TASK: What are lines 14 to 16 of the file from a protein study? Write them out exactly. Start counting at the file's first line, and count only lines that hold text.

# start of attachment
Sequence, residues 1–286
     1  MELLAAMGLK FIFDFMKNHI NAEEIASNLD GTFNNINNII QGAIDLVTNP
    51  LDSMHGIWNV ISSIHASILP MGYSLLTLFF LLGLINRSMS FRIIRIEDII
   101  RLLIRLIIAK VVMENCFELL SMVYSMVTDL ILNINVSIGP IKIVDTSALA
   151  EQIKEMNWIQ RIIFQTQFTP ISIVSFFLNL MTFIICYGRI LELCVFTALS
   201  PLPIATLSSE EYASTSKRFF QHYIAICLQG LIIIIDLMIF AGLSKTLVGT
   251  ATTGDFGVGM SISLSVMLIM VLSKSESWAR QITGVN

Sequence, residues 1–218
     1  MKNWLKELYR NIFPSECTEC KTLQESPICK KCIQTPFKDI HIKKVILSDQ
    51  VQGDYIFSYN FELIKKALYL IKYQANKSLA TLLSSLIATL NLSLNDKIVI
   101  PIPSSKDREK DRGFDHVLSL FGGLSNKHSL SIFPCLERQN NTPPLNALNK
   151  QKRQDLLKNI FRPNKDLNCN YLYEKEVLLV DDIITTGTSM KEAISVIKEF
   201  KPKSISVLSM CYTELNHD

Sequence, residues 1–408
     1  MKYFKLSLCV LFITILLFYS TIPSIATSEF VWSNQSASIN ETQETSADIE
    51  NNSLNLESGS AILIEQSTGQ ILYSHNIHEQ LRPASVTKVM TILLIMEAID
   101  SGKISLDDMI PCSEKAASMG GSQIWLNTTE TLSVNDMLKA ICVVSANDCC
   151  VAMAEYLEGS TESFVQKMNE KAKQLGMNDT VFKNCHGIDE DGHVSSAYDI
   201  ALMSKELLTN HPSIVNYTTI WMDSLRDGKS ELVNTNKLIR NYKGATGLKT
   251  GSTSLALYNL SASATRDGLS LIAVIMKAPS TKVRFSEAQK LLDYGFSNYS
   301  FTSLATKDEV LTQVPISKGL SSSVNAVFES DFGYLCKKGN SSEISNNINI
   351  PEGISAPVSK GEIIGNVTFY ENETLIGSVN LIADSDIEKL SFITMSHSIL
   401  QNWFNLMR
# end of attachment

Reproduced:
Sequence, residues 1–408
     1  MKYFKLSLCV LFITILLFYS TIPSIATSEF VWSNQSASIN ETQETSADIE
    51  NNSLNLESGS AILIEQSTGQ ILYSHNIHEQ LRPASVTKVM TILLIMEAID